Due to the recent media focus on Ebola, much of the U.S. population is worried about an uncontrollable Ebola outbreak. However, people in the U.S. should not be concerned. Why? The answer lies in the R0, or the “R nought,” a number used by epidemiologists to determine how infectious a disease is. This mathematical term predicts—with accuracy—how many people who come in contact with an infected person will actually get the disease.
Different diseases have different R nought numbers. Measles, for example, has an R nought number of approximately 18, which makes it one of the most contagious known diseases. An R nought of 18 simply means that each person infected with the measles will pass it on to an average of 18 other people, assuming that the general population is not immunized against the measles. If everyone were immunized, however, the measels’ R nought number drops to zero.
Many different factors contribute to a disease’s R nought number, including how long someone is infected and how a virus is transmitted. For example, someone with HIV can be contagious for years. However, because HIV is not an airborne virus like the flu, transmitting the virus is more difficult. To pass on the disease, the infected individuals would have to come in contact with another's bodily fluids like blood or breast milk. These factors decrease HIV’s R nought number to four, which is relatively low considering how grave HIV is.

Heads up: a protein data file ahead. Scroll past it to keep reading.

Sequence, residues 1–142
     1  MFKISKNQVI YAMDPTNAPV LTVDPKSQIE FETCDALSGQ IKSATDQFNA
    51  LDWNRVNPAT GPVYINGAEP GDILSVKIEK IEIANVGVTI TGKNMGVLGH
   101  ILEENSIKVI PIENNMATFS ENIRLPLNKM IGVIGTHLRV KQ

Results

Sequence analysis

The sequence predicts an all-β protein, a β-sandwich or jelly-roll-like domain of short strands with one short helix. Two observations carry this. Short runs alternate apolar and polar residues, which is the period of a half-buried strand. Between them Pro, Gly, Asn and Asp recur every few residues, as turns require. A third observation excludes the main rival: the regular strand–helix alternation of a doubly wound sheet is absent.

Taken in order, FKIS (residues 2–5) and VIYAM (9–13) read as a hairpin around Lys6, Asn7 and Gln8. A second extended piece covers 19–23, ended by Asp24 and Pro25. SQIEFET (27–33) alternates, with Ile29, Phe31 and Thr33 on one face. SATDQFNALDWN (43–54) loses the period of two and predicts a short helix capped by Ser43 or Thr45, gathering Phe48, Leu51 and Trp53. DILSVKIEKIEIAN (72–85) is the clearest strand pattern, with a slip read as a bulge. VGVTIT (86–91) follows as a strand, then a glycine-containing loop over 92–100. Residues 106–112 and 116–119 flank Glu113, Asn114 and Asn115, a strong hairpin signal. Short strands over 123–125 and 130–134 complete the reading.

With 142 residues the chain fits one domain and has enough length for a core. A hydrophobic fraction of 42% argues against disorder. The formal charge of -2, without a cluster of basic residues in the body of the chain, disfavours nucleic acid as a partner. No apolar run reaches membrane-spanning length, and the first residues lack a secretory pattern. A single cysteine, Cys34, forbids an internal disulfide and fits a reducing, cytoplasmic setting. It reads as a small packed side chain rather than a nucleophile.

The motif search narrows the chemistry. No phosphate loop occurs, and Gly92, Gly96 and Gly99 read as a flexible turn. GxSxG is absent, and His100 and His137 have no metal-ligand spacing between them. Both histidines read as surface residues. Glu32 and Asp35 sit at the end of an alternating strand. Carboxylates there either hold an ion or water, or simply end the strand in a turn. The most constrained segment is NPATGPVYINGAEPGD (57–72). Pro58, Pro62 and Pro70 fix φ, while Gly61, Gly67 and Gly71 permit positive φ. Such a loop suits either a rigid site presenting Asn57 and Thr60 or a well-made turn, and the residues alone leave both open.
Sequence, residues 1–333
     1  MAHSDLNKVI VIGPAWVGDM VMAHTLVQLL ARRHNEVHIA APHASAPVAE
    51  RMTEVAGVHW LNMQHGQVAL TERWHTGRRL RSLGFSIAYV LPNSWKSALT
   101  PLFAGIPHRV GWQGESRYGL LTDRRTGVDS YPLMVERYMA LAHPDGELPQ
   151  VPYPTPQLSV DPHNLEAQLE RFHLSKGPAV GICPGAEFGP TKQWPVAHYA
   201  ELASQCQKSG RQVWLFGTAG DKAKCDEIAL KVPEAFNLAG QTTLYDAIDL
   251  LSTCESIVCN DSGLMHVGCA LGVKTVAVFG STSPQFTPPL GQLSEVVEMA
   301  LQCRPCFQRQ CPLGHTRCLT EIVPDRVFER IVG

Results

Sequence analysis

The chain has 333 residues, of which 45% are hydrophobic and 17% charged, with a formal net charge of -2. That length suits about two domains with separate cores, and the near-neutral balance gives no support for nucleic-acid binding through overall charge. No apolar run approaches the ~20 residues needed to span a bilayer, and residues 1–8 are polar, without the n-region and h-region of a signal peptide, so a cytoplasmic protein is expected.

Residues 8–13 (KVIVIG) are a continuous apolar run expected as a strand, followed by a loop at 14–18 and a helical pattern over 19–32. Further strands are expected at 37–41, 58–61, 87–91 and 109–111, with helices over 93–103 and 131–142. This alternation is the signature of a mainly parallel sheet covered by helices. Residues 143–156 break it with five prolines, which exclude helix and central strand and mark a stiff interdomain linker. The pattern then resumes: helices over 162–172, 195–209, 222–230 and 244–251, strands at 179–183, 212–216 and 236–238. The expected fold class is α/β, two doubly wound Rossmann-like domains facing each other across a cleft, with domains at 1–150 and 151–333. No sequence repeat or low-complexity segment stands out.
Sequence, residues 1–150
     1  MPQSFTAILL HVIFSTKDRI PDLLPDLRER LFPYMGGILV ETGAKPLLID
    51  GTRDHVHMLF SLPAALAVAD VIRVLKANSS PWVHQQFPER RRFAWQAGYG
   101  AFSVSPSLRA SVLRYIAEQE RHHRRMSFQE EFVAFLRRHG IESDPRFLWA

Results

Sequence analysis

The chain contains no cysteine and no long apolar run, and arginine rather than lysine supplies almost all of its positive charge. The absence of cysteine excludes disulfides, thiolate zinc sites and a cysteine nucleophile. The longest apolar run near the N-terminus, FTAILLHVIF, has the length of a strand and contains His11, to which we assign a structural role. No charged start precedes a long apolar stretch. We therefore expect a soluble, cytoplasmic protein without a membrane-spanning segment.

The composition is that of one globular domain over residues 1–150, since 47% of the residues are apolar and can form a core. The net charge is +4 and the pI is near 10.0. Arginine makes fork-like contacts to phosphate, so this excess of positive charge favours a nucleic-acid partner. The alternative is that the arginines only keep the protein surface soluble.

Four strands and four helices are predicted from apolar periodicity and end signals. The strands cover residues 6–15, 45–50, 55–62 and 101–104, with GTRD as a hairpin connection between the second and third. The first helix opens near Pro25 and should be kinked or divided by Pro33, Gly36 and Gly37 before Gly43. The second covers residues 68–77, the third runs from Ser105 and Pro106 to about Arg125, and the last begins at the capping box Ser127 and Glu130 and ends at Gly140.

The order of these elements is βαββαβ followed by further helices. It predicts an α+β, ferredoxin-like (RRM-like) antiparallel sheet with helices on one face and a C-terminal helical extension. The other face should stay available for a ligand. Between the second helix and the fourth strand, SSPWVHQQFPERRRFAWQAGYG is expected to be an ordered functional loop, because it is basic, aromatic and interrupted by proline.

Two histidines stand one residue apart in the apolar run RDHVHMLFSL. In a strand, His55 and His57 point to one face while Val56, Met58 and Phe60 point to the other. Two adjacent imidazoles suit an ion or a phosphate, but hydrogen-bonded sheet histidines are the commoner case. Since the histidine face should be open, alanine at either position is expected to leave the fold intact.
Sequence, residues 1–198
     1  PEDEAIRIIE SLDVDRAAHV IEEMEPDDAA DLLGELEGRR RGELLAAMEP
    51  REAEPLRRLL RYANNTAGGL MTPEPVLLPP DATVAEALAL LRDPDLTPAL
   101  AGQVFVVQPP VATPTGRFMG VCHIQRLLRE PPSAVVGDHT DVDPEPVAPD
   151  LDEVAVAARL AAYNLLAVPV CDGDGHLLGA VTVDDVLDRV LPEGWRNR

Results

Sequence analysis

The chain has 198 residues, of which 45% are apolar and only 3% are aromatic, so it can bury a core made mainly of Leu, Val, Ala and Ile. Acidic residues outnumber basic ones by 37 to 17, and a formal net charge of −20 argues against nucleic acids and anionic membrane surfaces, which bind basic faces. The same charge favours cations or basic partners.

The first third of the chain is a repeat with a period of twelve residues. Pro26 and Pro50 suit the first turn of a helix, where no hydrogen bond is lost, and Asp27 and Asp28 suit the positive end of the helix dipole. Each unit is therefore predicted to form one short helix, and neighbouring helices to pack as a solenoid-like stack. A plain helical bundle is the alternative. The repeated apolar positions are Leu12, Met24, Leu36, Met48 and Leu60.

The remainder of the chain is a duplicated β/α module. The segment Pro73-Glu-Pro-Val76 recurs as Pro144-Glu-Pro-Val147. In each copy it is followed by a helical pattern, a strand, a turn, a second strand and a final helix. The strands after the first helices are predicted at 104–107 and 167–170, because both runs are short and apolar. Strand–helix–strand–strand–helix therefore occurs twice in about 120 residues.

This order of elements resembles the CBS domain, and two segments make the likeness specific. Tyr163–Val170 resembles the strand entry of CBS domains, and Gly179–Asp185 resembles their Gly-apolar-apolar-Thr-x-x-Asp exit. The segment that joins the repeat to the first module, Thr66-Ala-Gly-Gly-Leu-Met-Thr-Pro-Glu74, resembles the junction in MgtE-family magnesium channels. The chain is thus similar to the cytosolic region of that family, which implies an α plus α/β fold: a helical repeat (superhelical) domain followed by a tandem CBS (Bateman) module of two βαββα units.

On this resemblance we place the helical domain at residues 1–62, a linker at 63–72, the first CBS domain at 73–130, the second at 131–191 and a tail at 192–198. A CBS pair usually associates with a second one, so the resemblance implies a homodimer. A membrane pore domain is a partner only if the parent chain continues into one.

In comparison, Ebola’s R nought number is much lower than HIV’s. In fact, Ebola's R nought number is only two. On average, someone with Ebola is only contagious for about a week when showing symptoms. During this period, transmission of the infection can only occur through contact with bodily fluids. These factors, combined with new proactive and responsive public health regulations, make the likelihood of an Ebola outbreak in the United States very slim.
[Source: NPR: No, Seriously, How Contagious is Ebola?]